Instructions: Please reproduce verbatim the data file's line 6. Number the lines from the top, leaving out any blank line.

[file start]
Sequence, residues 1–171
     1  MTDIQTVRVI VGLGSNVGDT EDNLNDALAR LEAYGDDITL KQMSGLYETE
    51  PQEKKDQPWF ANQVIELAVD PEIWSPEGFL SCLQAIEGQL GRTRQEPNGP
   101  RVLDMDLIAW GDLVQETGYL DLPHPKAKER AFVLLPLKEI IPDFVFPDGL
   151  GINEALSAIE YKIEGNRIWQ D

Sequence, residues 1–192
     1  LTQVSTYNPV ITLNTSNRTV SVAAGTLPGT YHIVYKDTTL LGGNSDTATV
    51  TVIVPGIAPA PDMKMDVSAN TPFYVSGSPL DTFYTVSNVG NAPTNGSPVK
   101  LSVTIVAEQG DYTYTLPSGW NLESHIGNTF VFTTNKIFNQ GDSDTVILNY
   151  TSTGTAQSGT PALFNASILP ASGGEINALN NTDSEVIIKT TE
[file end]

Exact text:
Sequence, residues 1–192